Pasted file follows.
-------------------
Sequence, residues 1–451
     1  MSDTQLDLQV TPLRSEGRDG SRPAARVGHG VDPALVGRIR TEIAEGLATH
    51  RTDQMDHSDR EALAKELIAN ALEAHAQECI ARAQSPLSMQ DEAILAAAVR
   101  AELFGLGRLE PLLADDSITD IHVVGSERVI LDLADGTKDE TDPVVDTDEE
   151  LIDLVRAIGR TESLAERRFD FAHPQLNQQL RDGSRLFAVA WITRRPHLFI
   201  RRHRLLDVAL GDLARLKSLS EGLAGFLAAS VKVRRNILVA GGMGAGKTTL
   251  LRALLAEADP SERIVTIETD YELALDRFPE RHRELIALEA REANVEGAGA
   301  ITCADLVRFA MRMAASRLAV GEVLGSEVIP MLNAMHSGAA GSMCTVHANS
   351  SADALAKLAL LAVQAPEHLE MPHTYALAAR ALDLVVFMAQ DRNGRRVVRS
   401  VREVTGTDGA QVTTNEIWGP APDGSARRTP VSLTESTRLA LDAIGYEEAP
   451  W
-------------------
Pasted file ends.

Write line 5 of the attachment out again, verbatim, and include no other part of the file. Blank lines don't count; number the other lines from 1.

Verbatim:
   151  LIDLVRAIGR TESLAERRFD FAHPQLNQQL RDGSRLFAVA WITRRPHLFI